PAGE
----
Dijkstra's algorithm is an algorithm to compute shortest paths in graphs with **non-negative** edge weights. Denote by \(w(u, v)\) the weight of edge \((u, v)\).

As BFS, we will design the algorithm to receive a source node \(s\) as input and compute the shortest path distances to each other node in the graph.

Let \(dist\) be an array such that \(dist[v]\) is equal to the shortest path distance between node \(s\) and node \(v\). The idea of Dijkstra's algorithm is to keep a set of nodes \(S\) for which we know the value of \(dist\) and grow it until \(S = V\).

Since there are no negative edge weights, we know that \(dist[s] = 0\). This means that we can initialize \(S = \{s \}\). For the other nodes, we initially set \(dist[v] = \infty\).

Given the set \(S\), how can we find a new node to add to it and its distance?

We will consider all edges that go from a node in \(S\) to a node outside of \(S\). From all such edges, we will pick an edge \((u, v)\) such that \(dist[u] + w(u, v)\) is **minimum**. Then, it is not hard to see that, \(dist[v] = dist[u] + w(u, v)\).

To convince yourself that this is indeed the case, imagine that there is a better way of reaching \(v\). Since \(s \in S\) and :math`v notin S`, this alternative path must at some point exit the set \(S\). Suppose that it does to by an edge \((x, y)\) other than \((u, v)\). The following figure illustrates the situation:

Then, the path (shown in orange) will have the form \((s, \ldots, x, y, \ldots, v)\). Its cost will be

where

- \(dist[x]\) is the cost of reaching \(x\) from \(s\)
- \(w(x, y)\) is the cost of edge \((x, y)\)
- \(cost(y, v)\) is the cost of the path from \(y\) to \(v\)

On the other hand, the blue path has cost:

And we must have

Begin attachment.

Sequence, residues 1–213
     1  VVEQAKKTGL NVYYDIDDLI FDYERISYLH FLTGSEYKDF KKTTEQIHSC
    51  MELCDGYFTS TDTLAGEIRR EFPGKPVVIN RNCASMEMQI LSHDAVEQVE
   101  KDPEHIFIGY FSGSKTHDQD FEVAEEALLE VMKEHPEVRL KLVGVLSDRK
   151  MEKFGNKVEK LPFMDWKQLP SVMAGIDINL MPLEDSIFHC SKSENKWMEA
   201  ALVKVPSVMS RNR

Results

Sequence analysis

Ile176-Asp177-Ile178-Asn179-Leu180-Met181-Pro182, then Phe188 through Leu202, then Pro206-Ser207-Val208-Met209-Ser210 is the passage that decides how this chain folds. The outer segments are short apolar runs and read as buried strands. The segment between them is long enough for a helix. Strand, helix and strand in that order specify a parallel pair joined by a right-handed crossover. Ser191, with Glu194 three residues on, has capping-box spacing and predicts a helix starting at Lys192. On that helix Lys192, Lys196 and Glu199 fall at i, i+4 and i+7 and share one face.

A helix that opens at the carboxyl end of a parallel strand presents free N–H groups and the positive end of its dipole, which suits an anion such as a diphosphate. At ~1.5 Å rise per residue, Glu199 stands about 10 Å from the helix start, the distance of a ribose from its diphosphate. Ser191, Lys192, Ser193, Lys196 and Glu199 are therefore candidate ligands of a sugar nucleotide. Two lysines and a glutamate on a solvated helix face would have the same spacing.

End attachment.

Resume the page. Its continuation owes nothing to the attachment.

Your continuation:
because we selected \(u\) such that \(dist[u] + w(u, v) \leq dist[x] + w(x, y)\) and we know that, since the edge weights are non-negative, \(cost(x, y) \geq 0\).

After this discussion it should be quite straightforward for you implement Dijkstra's algorithm. The high level ideas is the following:

- Initialize \(dist[s] = 0\) and \(dist[v] = \infty\) for each \(v \neq s\)
- Set \(S = \{s\}\)
- While \(S \neq V\), pick \((u, v) \in E\) such that \(u \in S, v \notin S\) and \(dist[u] + w(u, v)\) is minimum and set \(dist[v] = dist[u] + w(u, v)\).

Now the only question is how fast can we perform the edge selection in step 3. The naive way of doing so is to simply loop over each node \(u \in S\) and each edge out of \(u\) to check the condition and get the minimum. This would cost \(O(|E|)\) making the algorithm run in \(O(|V| |E|)\) since there are \(|V|\) iterations.

A more efficient alternative is to use a *priority queue*. A priority queue enables to maintain a queue of ordered elements and retrieve the minimal element in the order efficiently. In our context, the elements will be the edges sorted by their value of \(dist[u] + w(u, v)\).

The Java code doing this is given below. Note that we do not need to explicitly keep track of the set \(S\). In the way the code is written this set is always equal to the set of nodes such that \(dist[u] \neq \infty\).

// class used to represent edges static class Edge { public int orig, dest, cost; public Edge(int orig, int dest, int cost) { this.orig = orig; this.dest = dest; this.cost = cost; } } // class used to compare edges in the priority queue static class EdgeCmp implements Comparator<Edge> { private int[] dist; public EdgeCmp(int[] dist) { this.dist = dist; } public int compare(Edge e1, Edge e2) { double v1 = dist[e1.orig] + e1.cost; double v2 = dist[e2.orig] + e2.cost; return Double.compare(v1, v2); } } static int[] disjktra(LinkedList<Edge>[] g, int s) { // initialize distances int[] dist = new int[g.length]; Arrays.fill(dist, Integer.MAX_VALUE); dist[s] = 0; // initialize PQ PriorityQueue<Edge> Q = new PriorityQueue<>(new EdgeCmp(dist)); for(Edge e : g[s]) Q.add(e); while(!Q.isEmpty()) { Edge mine = Q.poll(); // check whether the edge goes out of S if(dist[mine.dest] == Integer.MAX_VALUE) { dist[mine.dest] = dist[mine.orig] + mine.cost; for(Edge e : g[mine.dest]) { Q.add(e); } } } return dist; }

The runtime of this algorithm is \(O(|E| \log(|V|))\) since each edge will be at most one time in the queue and the priority queue `poll`

and `add`

operations are performed in logarithmic time with respect to the size of the queue. The maximum size of the queue is \(|E|\) so the maximum runtime of a queue operation is \(O(\log(|E|)) = O(\log(|V|^2)) = O(\log(|V|))\).

For you algorithmic culture, it is possible to implement Dijkstra's algorithm using a Fibonacci Heap instead of a priority queue reducing the runtime to \(O(|E| + |V| log|V|)\) but this has little to no use in competitive programming.

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